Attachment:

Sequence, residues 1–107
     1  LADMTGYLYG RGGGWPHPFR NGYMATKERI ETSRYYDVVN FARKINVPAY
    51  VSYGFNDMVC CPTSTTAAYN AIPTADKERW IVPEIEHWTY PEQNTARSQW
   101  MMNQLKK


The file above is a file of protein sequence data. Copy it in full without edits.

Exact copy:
Sequence, residues 1–107
     1  LADMTGYLYG RGGGWPHPFR NGYMATKERI ETSRYYDVVN FARKINVPAY
    51  VSYGFNDMVC CPTSTTAAYN AIPTADKERW IVPEIEHWTY PEQNTARSQW
   101  MMNQLKK